Houseboat still stuck at border post


THE gigantic French-owned houseboat, African Dream, is still stuck at Kazungula Border Post after Botswana’s immigration officials allegedly refused it entrance into the neighbouring country over inadequate documentation.

By Nokuthaba Dlamini

African Dream passed Victoria Falls about a fortnight ago after travelling from Harare for close to a month and has been stuck at the border along with the engineering team guarding it.

The 33-metre long houseboat had successfully been cleared on the Zimbabwean side and was destined for Namibia, where it was supposed to be launched on the Chobe River in Botswana before sailing into the Zambezi River.

Southern Eye visited the boat at the border and was told by the technical team that they were still waiting for confirmation from GDI Engineering head office on how to proceed.

“We do not know what is going on. We have been here for more than a week and we hope that there will be a communication soon,” one of the engineers, Forbes Chimhoga, said, refusing to be drawn into giving further details.

“Chances are high that the boat will be brought back home because Botswana refused to let us through, arguing that we did not have enough documents.”

Sources said the boat was likely to be driven back to Zimbabwe and exit through Zambia.

“Botswana refused entry, arguing that they did not want to clear the boat because it was not made locally. They were arguing that they, too, had capacity to build such boats and they could not allow it to pass through and float in waters in their country. It has nothing to do with documentation, but just sabotage,” a source said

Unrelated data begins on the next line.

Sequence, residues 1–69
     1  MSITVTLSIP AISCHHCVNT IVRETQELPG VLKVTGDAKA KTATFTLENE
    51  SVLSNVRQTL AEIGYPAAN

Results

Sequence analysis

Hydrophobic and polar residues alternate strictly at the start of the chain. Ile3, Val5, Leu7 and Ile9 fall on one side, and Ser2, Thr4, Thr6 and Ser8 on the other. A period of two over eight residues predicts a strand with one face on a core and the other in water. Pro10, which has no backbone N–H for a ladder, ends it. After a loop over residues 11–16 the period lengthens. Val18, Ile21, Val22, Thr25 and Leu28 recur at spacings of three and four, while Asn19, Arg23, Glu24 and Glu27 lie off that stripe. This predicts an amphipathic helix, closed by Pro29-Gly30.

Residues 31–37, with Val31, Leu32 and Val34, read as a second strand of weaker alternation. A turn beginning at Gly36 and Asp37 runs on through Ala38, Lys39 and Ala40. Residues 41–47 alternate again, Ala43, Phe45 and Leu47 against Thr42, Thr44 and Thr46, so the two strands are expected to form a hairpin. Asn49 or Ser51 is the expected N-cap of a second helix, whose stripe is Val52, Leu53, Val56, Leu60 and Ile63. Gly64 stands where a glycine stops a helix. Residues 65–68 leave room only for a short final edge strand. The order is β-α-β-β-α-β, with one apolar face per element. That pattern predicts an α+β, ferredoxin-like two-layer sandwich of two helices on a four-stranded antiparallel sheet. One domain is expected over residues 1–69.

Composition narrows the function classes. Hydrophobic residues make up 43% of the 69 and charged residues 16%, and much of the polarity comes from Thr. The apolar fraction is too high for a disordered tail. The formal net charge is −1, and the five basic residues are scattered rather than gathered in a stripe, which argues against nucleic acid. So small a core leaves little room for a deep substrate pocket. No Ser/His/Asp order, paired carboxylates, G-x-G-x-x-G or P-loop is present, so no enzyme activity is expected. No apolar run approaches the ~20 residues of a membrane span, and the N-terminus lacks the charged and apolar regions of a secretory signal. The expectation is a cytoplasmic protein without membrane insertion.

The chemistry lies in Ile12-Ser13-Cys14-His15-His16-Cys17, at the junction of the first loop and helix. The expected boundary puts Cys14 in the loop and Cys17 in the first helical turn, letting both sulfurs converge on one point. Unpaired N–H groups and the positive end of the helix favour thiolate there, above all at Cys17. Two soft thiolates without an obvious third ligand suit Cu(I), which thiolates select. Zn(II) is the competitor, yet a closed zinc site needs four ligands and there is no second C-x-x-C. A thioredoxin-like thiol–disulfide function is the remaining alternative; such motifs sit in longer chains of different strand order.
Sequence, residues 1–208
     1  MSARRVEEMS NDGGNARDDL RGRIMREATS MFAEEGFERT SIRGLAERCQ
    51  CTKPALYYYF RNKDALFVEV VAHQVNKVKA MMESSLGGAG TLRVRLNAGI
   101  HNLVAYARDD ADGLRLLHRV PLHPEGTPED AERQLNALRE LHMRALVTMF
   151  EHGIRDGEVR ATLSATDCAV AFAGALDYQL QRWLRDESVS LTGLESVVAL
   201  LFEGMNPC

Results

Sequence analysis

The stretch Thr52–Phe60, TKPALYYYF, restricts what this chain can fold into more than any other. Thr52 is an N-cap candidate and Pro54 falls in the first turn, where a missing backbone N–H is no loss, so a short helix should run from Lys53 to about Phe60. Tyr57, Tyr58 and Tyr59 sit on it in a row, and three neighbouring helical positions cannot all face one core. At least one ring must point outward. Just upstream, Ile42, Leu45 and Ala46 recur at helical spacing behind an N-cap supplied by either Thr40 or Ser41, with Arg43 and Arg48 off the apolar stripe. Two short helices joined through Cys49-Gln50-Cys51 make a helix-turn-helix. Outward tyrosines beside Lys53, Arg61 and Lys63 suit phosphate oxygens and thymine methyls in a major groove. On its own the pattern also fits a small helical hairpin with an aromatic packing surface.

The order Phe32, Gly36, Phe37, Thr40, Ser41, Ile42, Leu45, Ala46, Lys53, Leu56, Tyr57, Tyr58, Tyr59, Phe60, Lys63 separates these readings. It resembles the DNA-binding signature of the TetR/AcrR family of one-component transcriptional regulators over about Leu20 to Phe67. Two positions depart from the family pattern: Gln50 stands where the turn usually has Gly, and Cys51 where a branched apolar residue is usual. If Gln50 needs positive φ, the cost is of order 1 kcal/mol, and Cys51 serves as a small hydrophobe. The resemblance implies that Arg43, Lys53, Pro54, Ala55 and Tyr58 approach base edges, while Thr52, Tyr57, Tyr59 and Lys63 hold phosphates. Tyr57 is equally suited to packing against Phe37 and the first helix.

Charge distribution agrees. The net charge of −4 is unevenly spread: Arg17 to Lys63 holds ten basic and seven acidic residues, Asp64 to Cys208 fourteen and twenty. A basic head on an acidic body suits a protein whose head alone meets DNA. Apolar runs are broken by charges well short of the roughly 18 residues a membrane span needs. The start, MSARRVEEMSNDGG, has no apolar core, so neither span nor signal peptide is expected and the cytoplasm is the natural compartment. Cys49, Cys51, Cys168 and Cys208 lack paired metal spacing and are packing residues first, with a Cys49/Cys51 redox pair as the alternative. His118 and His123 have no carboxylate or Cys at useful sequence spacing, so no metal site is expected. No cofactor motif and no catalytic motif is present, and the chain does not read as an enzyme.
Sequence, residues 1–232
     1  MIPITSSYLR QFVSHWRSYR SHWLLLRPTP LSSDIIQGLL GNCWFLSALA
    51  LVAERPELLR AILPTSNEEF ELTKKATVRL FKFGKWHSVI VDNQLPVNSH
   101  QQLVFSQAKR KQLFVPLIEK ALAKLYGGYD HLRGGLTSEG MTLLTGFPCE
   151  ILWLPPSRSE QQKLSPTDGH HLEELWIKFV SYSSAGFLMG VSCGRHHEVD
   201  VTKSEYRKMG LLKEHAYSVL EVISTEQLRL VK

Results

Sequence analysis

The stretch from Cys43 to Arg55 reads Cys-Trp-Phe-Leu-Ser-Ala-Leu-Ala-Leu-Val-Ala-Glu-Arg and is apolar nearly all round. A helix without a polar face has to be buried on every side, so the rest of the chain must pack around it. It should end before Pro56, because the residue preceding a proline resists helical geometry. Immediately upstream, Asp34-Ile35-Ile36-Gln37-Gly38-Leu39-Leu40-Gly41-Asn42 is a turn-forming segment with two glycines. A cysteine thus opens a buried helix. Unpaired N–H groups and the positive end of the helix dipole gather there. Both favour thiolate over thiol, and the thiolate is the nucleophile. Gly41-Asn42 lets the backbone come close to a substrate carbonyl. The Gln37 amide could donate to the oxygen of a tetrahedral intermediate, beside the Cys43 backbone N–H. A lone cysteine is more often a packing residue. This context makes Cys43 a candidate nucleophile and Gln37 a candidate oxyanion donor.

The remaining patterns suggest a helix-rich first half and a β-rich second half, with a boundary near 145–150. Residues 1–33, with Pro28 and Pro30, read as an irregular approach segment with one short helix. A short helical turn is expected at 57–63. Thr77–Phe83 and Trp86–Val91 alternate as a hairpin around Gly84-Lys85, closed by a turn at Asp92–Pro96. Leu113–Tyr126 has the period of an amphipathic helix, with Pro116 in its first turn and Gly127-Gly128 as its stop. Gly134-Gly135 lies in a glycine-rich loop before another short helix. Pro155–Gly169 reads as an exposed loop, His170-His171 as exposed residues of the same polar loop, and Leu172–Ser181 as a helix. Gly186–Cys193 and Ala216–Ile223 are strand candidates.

The 157-tonne houseboat was expected to operate as a floating luxury hotel between Namibia, Botswana, Zambia and Zimbabwe along Chobe and Zambezi rivers.

The houseboat has a carrying capacity of 360 people and can be hired for special occasions like weddings and conferences.

It also accommodates 32 people and 20 bedrooms, some of them with two beds fitted inside.

It also has a spacious bar and 300 000-litre capacity swimming pool and is powered by two 600-horsepower Volvo engines.

The boat took 10 months to construct at GDI Engineering in Msasa, Harare.

Victoria Falls residents, just like the rest of the country, said they were shocked that the African Dream, which brought business to a halt in each town it passed through, had not reached its destination.

Industry and Commerce minister Mike Bimha said he was not aware of the developments.

“It’s very unfortunate because I am not conversant with the background to the issue. Much of what you are saying is what I picked up from the Press, but according to the region’s Act, we are supposed to trade freely without any sabotage. We will formally look into it and get the exact details why they (Botswana government) rejected it,” he said.


  1. Oh yes Tswanas can build such a boat……………….. WAIT…. in their dreams. SABOTAGE, SABOTAGE, SABOTAGE

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